Viral Gastroenteritis

Immune | October 3, 2017 | Author: Naturopath

Immune

Viral Gastroenteritis

Last month NSW health issued a health alert due to the increase in cases of viral gastroenteritis. They found that in one week there was a 34% increase in hospital admissions compared to the same time last year. Gastroenteritis is usually caused by a viral infection of the stomach and intestines that results in vomiting, diarrhoea, nausea, fever, abdominal pain, headaches, fatigue and muscle aches. Viral gastroenteritis is highly contagious and can be lethal to small children, the elderly and anyone who has a compromised immune system. Other causes of gastroenteritis include bacteria, parasites, toxins and some non-infectious diseases.

Symptoms of gastroenteritis

gastroenteritisThe main symptoms of viral gastroenteritis include:

  • Frequent watery stools with urgency and
  • Vomiting and nausea

Other common symptoms include:

  • Fever
  • Abdominal pain
  • Headaches
  • Dehydration
  • Muscle aches
  • Fatigue

Symptoms usually start one to three days after contact with the virus and last one to two days, sometimes more.

How viral gastroenteritis is spread

Viral gastroenteritis is spread through faeces or vomit of an infected person through:

  • Contaminated water and food
  • Contaminated objects
  • Person-to-person contact, i.e. a handshake

How natural therapies can help

Apart from basic suggestions regarding hygiene, natural therapies can help to prevent infection in the first place. If a person is unwell, certain supplements can aid in rapid resolution of infection and in reducing severity.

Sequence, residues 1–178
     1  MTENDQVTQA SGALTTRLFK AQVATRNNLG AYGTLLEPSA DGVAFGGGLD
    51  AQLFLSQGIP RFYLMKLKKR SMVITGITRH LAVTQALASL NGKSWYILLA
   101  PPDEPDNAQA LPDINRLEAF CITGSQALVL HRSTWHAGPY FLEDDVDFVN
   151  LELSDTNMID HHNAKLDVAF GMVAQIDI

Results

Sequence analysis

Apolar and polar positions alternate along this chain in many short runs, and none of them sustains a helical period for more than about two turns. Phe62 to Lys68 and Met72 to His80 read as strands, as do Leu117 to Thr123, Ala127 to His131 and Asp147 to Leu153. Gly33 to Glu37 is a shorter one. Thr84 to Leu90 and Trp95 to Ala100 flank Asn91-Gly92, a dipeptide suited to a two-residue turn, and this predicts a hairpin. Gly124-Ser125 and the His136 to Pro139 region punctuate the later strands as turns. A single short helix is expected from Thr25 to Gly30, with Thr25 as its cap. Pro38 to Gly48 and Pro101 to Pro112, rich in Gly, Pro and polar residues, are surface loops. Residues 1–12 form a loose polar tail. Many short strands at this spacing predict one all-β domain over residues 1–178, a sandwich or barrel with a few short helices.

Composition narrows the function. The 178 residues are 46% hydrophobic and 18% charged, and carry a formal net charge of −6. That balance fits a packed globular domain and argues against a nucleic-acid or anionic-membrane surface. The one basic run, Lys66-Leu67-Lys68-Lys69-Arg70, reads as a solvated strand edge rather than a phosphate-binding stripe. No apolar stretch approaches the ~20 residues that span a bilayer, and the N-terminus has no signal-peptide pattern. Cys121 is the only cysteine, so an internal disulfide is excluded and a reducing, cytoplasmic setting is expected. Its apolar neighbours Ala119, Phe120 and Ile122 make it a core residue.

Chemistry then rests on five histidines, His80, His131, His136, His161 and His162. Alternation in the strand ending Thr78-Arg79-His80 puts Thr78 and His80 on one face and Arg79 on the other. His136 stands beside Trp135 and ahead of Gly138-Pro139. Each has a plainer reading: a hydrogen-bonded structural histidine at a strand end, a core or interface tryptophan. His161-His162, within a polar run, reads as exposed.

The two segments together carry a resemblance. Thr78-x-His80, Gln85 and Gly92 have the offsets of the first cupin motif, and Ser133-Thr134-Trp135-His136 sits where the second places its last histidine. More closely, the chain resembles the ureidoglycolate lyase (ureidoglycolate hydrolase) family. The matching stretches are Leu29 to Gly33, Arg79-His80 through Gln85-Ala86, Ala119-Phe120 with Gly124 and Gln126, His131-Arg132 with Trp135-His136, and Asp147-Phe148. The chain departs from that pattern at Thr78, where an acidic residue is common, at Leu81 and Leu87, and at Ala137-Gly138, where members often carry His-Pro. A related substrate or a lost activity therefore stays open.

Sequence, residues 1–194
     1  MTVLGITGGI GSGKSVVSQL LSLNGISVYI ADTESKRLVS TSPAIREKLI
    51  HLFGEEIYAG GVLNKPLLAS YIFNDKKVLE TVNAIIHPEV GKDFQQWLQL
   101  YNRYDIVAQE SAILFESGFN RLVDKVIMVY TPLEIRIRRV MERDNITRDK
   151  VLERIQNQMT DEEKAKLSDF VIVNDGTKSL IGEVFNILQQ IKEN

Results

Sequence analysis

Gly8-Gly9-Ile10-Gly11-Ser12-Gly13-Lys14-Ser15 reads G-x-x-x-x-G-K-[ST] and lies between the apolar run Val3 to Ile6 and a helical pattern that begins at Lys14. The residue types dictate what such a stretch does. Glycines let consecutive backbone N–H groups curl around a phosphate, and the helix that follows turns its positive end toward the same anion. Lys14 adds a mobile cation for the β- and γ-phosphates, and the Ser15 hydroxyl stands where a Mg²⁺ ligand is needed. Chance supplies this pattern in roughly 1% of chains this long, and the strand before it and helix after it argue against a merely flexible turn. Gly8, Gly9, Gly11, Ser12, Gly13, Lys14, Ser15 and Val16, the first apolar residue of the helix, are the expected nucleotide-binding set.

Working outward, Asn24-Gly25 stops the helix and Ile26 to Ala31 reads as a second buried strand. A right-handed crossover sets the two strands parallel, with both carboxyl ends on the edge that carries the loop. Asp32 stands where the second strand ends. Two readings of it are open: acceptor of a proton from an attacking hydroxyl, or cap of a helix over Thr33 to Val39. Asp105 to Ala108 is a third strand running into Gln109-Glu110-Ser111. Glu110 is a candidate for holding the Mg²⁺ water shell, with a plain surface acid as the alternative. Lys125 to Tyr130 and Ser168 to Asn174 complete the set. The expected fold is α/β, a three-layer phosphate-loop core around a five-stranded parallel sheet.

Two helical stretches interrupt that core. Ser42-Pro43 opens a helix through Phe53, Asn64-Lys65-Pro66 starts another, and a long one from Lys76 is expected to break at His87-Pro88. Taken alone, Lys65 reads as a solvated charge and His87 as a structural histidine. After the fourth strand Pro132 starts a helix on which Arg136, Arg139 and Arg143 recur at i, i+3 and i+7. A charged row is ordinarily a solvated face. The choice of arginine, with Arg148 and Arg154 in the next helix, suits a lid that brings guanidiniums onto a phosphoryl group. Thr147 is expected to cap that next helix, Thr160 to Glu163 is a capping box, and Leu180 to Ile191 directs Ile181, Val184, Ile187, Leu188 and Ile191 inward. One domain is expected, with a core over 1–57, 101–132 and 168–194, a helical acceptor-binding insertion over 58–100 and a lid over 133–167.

Basic hygiene practices

This includes washing your hands well with soap and water after visiting the bathroom, changing a nappy and handling food.

basic hygiene practicesIf you are infected with gastroenteritis or caring for someone who is unwell this is even more important. In this case it is suggested that surfaces and objects be wiped down with an antiseptic. Diluted eucalyptus or tea tree oil are strong antimicrobial essential oils that kill harmful microbes including viruses that cause infection. They can be used as a natural antiseptic hand wash for a stronger action than just soap and water. 

If unwell, it is recommended that you stay home for 24hours after symptoms have gone to prevent transmission to others.

Probiotics

Having healthy populations of good bacteria in the gut prevents harmful viruses in infecting our digestive system. Probiotic organisms include the Lactobacillus species, Bifidobacterium species and Saccharomyces boulardii, a healthy yeast. They can be used as a preventative measure, especially if your child is attending a daycare and are even more effective as a treatment. To date, the vast majority of published trials show the most beneficial strains in the treatment of acute watery diarrhoea (particularly due to rotavirus), include Lactobacillus rhamnosus LGG and Saccharomyces boulardii. Similar results have been achieved in adults, where they can reduce the duration of diarrhoea by one day. It doesn’t hurt to have a bottle of good quality probiotics on hand for when gastroenteritis hits your household.

Natural sources of good bacteria

As a preventive strategy, fermented foods can be implemented into the diet. They are not usually strong enough as a treatment but support a healthy balance of good and bad microbes in the gut. Examples of fermented foods include kefir (a sour tasting natural yoghurt), kimchi and sauerkraut.